The planned arrival of Turkish military advisers in Libya should bolster the internationally recognised government, but may not be enough to turn the tide of a conflict in which eastern-based forces have the upper hand thanks to foreign support.
Turkey’s decision to send advisers and technical experts was the response to a request by Prime Minister Fayez al-Serraj’s Government of National Accord (GNA), which Ankara backs against forces allied to veteran commander Khalifa Haftar.
Turkey has provided drones and armoured vehicles for the defence of Tripoli, which helped stall an offensive launched by Haftar’s forces nine months ago.
Turkish backing has often been outweighed by air power from the United Arab Emirates in support of Haftar’s self-styled Libyan National Army (LNA) and by a technological and frontline edge provided by Russian military contractors since September, officials, diplomats and analysts say.
“The decision by the GNA to request military support from Turkey follows a dangerous escalation in the conflict from Haftar and his backers, including bringing in Russian mercenaries,” GNA Interior Minister Fathi Bashagha said in a statement to Reuters.
On Monday, the LNA advanced into Sirte, a strategic city in the centre of Libya’s Mediterranean coastline and fighting increased around Tripoli in recent weeks.
This heightened pressure on GNA forces, which sources said is struggling against missile systems used to bring down drones and laser-guided shells thought to have been introduced by Russian contractors.
The GNA drone fleet has been depleted by attacks on airports and air bases in Tripoli and Misrata, north-west of Sirte.
Turkish officials indicate any deployment will not involve troops but Turkey is considering sending Syrian rebels. A source in the Turkey-backed Free Syrian Army said some fighters already signed up as guards.
“What this will bring is a rebalancing of forces,” said Arnaud Delalande, an independent defence consultant and Libya expert. “In particular it could bring air defence, which could be jamming systems, but also co-ordination of troops on the ground.”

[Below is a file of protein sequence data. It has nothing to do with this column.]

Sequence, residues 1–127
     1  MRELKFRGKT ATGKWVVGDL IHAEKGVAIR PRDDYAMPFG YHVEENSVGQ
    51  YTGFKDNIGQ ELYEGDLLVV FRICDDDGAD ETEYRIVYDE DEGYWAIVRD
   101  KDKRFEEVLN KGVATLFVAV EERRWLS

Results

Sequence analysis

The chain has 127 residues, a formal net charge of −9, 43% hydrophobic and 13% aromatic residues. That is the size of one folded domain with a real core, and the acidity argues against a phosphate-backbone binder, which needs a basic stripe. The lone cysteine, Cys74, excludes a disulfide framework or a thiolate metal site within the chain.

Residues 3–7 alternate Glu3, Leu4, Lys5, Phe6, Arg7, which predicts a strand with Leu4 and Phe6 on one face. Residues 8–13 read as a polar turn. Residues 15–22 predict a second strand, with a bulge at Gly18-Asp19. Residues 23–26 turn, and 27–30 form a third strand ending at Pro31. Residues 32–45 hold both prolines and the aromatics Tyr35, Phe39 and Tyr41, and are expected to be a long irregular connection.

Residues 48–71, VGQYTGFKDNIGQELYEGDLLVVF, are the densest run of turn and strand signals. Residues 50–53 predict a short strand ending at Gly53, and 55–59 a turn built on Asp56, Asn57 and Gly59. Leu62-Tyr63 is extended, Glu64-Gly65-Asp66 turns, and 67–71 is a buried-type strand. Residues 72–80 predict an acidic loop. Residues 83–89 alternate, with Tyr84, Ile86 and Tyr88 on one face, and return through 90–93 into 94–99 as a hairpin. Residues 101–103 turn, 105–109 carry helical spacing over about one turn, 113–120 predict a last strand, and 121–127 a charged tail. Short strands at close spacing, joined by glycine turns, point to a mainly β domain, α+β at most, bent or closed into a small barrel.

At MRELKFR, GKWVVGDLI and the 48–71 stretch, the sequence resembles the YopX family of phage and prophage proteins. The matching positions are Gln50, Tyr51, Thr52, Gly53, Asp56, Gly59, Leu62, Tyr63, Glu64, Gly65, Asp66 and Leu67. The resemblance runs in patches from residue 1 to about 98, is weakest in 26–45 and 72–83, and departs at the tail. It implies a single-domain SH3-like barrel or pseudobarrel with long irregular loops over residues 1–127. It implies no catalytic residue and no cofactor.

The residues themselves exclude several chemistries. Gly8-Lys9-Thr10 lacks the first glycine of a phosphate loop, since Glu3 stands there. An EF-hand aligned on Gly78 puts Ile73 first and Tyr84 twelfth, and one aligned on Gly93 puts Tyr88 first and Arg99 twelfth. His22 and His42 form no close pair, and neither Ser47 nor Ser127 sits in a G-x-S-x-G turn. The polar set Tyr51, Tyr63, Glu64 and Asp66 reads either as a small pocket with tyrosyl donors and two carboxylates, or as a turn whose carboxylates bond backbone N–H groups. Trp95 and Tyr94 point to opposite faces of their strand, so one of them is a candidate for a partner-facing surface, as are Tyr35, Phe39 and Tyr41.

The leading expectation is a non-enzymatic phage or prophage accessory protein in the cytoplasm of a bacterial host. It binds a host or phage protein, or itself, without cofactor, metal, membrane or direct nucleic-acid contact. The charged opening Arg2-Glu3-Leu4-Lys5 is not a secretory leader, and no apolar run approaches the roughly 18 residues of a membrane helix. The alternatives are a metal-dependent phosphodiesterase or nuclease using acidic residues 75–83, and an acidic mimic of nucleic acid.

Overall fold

RUSSIAN AND TURKISH CO-OPERATION
Manoeuvring in Libya by Russia and Turkey, whose presidents met in Turkey on Wednesday, overshadowed European efforts to revive a UN-led peace process.
Turkey and Russia are generally on opposing sides in Syria’s civil war, they recently strengthened economic and military ties. They now co-operate in north-east Syria, mounting joint patrols and Ankara bought Russian missile defence systems last year despite opposition in Washington.
Ankara and Moscow want to protect their strategic interests in Libya, where they lost lucrative contracts in 2011 after a NATO-backed uprising and in the wider east Mediterranean region.
The countries are unlikely to clash directly, with Ankara seeking leverage to negotiate offshore gas drilling rights after signing military and maritime accords with the GNA in November.
“In Libya, Ankara’s end game is not to help Tripoli win the conflict, which is not realistic. It is to create a stalemate and political negotiations to preserve its maritime demarcation deal,” said Sinan Ulgen, a former Turkish diplomat who heads Istanbul-based Centre for Economics and Foreign Policy Studies.
A senior Turkish official told Reuters: “Turkey is in close contact with Russia to prevent conflict. This will continue.”
Russia could be eyeing a long-term goal of a naval base in eastern Libya, said Jalel Harchaoui, a research fellow with the Clingendael Institute in The Hague.
“Russia is presented with a golden opportunity to make its presence in eastern Libya more entrenched,” he said.
Ankara and Moscow are filling the gap left by US disengagement in Libya under President Donald Trump and there are divisions among European states over Libya.
“I think the Europeans are out in the cold here,” said Harchaoui. “They’re scrambling.”